High capacity, high-performance fault-tolerant storage for photography and video.
Non-RAID or RAID-0/1/4/5/10.
Capacities up to 72 Terabytes!
Thunderbolt 4 hub and ports!
Any Mac with Thunderbolt 3.
Most Powerful MacBook Pro ever!.
Consult with Lloyd on what to buy!
Hartblei offers a trio of tilt/shift SuperRotator lenses: the 40mm f/4, 80mm f/2.8 and the 120mm f/4. The 40/80/120 trio are professional-grade tools for the working photographer needing to solve specific photographic challenges. They provide the closest thing to view camera movements on a DSLR body that you can find today, short of attaching your DSLR to a view camera (which generally is limited to 80mm or longer focal lengths).
Current Zeiss optics
All three lenses utilize medium-format Zeiss optics with current multi-coating, engineered by Hartblei into their “superrotator” lens barrel, which has undergone extensive rework over the past year to improve the functionality, precision, and quality. Indeed the precision of the Hartblei lens barrel is 4X greater than that of the normal Zeiss lens barrel, and symmetry is in the 3-5% range, as compared with 10% standard (according to Hartblei). The result is lenses of top-flight mechanical build quality, with Zeiss glass inside. Late 2010, the barrels have also been upgraded for cine-friendly focusing (video).
The Zeiss optics are designed for 6X6 medium format, which means they must “cover” a 56mm X 56mm image area. This is what allows them to be used with 10mm shift, for a width of 56mm (36mm + 10mm + 10mm). Best quality will be seen shifting in the 24mm direction, there are as yet no optical miracles to be had in terms of sharpness across such a large area.
Precision is of course paramount in such a complex lens as the superrotator, but the optics themselves have their own behavioral characteristics that are present in all lenses, including field curvature (see Making Sharp Images). So one must take time to understand the behavior and design goals of the optics when using the Hartblei lenses.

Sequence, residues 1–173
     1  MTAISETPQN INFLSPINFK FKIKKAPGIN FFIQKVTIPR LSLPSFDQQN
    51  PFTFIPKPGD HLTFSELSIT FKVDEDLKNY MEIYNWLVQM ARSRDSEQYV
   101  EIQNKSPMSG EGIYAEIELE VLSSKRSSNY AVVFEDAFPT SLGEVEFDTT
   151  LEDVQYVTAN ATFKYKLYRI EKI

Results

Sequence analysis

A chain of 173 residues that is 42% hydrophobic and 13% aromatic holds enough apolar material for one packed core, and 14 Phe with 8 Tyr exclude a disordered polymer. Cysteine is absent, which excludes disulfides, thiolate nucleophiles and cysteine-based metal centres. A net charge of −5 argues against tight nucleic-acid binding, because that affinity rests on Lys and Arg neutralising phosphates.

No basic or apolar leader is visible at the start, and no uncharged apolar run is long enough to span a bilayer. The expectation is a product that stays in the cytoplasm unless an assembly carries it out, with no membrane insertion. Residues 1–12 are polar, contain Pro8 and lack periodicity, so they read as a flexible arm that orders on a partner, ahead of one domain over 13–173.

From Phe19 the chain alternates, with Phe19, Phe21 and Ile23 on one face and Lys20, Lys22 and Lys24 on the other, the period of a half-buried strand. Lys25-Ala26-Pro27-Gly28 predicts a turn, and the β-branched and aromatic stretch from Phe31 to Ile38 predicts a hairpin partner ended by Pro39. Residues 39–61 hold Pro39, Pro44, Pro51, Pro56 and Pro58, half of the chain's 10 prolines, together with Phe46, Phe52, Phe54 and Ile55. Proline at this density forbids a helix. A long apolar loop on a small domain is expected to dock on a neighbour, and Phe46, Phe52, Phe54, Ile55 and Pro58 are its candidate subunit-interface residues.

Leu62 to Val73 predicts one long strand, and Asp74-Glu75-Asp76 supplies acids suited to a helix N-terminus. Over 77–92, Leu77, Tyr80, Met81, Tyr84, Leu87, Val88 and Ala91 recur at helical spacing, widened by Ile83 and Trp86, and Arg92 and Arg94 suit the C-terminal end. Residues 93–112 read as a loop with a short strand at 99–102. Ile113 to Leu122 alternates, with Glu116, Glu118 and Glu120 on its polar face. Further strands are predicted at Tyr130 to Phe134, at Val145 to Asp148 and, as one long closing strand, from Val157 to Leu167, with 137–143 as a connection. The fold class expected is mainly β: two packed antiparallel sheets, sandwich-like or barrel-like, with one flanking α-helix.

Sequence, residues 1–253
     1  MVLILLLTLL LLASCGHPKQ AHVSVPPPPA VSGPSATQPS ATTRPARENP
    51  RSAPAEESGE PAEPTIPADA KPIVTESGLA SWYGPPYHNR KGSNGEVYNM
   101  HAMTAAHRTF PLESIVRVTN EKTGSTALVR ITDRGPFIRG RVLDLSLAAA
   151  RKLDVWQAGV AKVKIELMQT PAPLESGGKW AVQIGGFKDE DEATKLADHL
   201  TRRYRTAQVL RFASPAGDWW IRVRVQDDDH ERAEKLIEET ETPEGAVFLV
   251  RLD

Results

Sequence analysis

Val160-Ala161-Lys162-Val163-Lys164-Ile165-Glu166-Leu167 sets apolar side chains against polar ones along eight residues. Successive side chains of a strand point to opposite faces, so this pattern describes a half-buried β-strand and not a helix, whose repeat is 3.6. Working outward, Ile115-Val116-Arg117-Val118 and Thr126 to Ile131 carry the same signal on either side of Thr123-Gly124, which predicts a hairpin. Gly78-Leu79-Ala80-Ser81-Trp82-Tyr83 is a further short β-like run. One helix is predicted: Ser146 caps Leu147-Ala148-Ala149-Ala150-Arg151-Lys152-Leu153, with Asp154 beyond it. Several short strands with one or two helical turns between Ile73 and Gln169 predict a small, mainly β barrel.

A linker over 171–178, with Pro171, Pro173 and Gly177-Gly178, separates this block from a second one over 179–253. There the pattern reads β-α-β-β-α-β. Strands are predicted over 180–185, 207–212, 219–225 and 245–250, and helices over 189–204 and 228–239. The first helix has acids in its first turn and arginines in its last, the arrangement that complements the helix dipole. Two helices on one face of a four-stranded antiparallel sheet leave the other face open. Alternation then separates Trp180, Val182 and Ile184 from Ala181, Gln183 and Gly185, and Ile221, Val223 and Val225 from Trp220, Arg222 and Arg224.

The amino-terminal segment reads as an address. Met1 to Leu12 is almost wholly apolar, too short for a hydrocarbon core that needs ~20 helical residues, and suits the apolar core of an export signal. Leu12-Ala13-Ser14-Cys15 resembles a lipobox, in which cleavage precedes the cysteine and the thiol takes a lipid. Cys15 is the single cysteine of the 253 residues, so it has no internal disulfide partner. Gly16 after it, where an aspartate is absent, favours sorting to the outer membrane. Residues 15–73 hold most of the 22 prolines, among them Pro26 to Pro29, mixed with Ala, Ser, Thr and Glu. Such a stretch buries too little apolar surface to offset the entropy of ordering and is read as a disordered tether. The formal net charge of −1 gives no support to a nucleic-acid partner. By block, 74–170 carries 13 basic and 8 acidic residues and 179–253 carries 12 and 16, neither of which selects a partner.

Hartblei supplied the three lenses for testing from Germany, arriving in a Pelican hard-case, along with a tripod mounting plate for the 40/4, Heliopan lens shades for the 80/2.8 and 120/4 and some test targets.
Working with the SuperRotator design requires some time and effort. One can shift, tilt and rotate the lens in two ways. This takes time to understand, and a lot more time to master. That’s the price to pay for the flexibility the SuperRotator design delivers.
Warning: the 40mm f/4 lens is particularly heavy. Use the supplied tripod mount, and be very careful to not stress (warp or bend) the camera’s lens mount by asking it to support such a large and heavy lens! The 80/2.8 is of moderate weight, of no real concern, but the 120/4 is somewhat heavier, although no more than a 70-200/2.8 zoom.
Recommendation: working with tilt/shift lenses is a precision affair. If you’re in the market for such things, plan on getting the appropriate tripod head, namely the Arca Swiss Cube, my favorite head unless I’m hiking.